10. Similar Situations - Although you should only have one person per industry in your group, you should also make sure that everyone is relatively similar in where they are in their business’s growth stage.

11. You don’t want a member who has a fifty-million-dollar, twenty-year-old company partnered with a company that has been in business for three years and is barely making five hundred thousand dollars annually.

12. Optimism and a Positive Attitude - It’s okay to plan for worst-case scenarios and create alternative plans, should your Plan A not work out, but there is no room for the eternal pessimist. Find members who have a generally positive outlook on life and business.

13. The pessimists of the world are fairly easy to spot, and you need to be on the lookout for them within your group. This is the guy (or gal) who complains about every little detail, from the venue to the food to the topics being presented.

14. Remember, one of the main benefits of the Mastermind Group is to be inspired and motivated by smart, sophisticated, passionate business owners. One bad apple can spoil the bunch, and nothing will make your group disintegrate faster than negativity.

15. If you encounter a pessimist in your group, you will need to take quick action to rectify the situation. I recommend first having a frank discussion with that person. If things do not improve, you may have to ask them to leave the group.

16. Absolute Discretion It is critically important that you instill a grave sense of discretion among your Mastermind members. This goes beyond the whole “What happens in Vegas stays in Vegas” concept. Your members (and you) are going to be sharing intimately personal details about themselves, their employees, their competitors, their business practices, and their trade secrets. It is absolutely imperative that the group members treat this with the utmost respect and care. Trust is mandatory.

17. My Mastermind members are required to sign nondisclosure agreements that have stiff violation penalties. Fortunately, I have never had to use any of the penalties against anyone, but the simple fact that I take it so seriously with my members goes a long way in fostering a culture of openness and trust. I strongly suggest you do something similar.

18. Finally, traditional Mastermind Groups consist of no more than six people, each from different industries.

19. Concentrate on keeping your group to a total of around four to six members, including you. Keep in mind that you can set up as many of these groups as you want, depending on the kind of time commitment you can make. My colleagues in other areas of the country are running anywhere from five to eight Mastermind meetings at once.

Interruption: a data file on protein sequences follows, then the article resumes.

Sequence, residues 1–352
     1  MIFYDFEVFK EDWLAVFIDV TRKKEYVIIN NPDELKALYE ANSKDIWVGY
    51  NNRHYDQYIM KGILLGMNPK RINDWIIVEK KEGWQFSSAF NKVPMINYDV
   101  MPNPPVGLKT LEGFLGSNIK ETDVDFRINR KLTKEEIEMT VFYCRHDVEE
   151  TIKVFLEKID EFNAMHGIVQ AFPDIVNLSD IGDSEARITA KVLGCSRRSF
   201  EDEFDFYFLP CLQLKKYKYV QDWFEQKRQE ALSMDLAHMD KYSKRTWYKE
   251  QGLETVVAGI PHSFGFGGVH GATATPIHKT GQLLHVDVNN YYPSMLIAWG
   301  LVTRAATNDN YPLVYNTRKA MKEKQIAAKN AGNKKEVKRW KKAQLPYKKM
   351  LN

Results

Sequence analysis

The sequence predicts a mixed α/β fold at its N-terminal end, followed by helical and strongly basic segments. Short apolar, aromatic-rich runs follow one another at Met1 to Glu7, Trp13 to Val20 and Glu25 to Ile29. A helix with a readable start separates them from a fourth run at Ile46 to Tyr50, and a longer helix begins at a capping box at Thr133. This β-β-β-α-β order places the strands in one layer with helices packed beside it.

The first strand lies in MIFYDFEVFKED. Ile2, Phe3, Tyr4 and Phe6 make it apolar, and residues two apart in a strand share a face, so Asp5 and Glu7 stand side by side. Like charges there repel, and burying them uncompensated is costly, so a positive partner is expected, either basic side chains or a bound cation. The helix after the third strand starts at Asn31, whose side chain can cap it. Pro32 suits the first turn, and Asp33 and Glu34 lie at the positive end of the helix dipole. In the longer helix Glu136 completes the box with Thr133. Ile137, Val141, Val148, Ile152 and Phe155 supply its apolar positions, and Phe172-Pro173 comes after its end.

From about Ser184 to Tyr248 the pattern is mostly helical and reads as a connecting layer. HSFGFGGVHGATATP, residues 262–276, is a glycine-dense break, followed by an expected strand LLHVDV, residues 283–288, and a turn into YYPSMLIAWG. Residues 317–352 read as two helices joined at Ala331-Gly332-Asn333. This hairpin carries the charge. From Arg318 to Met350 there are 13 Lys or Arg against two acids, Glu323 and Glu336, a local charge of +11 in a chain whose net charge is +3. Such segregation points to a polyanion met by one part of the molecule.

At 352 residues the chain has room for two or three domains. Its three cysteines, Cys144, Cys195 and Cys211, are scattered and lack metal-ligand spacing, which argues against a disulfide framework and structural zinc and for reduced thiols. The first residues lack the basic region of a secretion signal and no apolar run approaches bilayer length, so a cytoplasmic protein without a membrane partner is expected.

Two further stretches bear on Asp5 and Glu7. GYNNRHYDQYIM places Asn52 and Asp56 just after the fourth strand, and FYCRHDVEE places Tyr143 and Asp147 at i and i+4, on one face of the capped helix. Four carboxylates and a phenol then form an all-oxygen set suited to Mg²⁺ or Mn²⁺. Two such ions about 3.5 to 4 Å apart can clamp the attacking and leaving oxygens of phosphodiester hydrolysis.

20. If you ask people to shell out $300 to $1,000 a month to attend your Mastermind Group, then you need to make it a GREAT event. Catered food is virtually mandatory.

21. The way you sell this thing to people is by making it an elite, exclusive club into which they are being invited. It’s not something just anyone can join. There is a screening process and possibly a waiting list. Reality is perception. Every little component—every little component—has to be congruent with this positioning, including the food. Maybe even especially the food.

22. There’s a time and a place for casual dining, but your Mastermind Group meeting is not one of those times or places.

23. Along with the food, make sure you provide plenty of drinks. I usually buy a few types of soda, juices, teas, and then also have plenty of bottled water on hand.

24. However, our traditional Mastermind Groups are held in a large conference room at a local credit union.

25. Venue layout is important to the overall flow of your meetings. For a smaller group (four to six members), a round-table-type layout tends to work well. You don’t want members sitting in rows where some sit behind others. For high group interaction, a layout like that is highly inconvenient. Members should sit in a circle or half circle where everyone is facing inward, towards everyone else, making group discussion much easier.

26. Any large room free from distractions will work. If in a large conference room, make sure you can close the doors to limit the amount of noise and distractions.

27. Other options for meeting rooms are hotel conference rooms, universities, public libraries, corporate offices, or executive suites. (Executive suites often provide a large conference room to its tenants, and these can sometimes be rented for less than one hundred dollars.) Look into various options, and you should be able to find an acceptable venue without too much trouble.

28. Depending on how many people are in the group, I will go over a marketing topic for the first thirty to forty-five minutes of the meeting. We then take a quick restroom break and start with the first group member. That group member then has about forty-five minutes to talk about three or four challenges they are having in their business. The whole group participates in making suggestions, giving ideas, or fleshing out concepts related to the particular challenges under discussion.